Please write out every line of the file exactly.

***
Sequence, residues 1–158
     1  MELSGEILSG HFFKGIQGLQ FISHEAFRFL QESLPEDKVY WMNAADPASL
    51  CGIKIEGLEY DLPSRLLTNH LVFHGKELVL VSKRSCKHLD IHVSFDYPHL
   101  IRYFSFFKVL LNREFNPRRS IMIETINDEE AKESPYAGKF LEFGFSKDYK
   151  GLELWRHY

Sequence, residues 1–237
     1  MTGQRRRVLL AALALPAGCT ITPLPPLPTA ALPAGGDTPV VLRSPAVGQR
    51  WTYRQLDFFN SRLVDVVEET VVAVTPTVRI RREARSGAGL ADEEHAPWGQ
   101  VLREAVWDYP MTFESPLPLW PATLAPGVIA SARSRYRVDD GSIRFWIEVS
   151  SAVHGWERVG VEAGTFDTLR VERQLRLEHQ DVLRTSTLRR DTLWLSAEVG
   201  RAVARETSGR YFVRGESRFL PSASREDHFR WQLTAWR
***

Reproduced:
Sequence, residues 1–158
     1  MELSGEILSG HFFKGIQGLQ FISHEAFRFL QESLPEDKVY WMNAADPASL
    51  CGIKIEGLEY DLPSRLLTNH LVFHGKELVL VSKRSCKHLD IHVSFDYPHL
   101  IRYFSFFKVL LNREFNPRRS IMIETINDEE AKESPYAGKF LEFGFSKDYK
   151  GLELWRHY

Sequence, residues 1–237
     1  MTGQRRRVLL AALALPAGCT ITPLPPLPTA ALPAGGDTPV VLRSPAVGQR
    51  WTYRQLDFFN SRLVDVVEET VVAVTPTVRI RREARSGAGL ADEEHAPWGQ
   101  VLREAVWDYP MTFESPLPLW PATLAPGVIA SARSRYRVDD GSIRFWIEVS
   151  SAVHGWERVG VEAGTFDTLR VERQLRLEHQ DVLRTSTLRR DTLWLSAEVG
   201  RAVARETSGR YFVRGESRFL PSASREDHFR WQLTAWR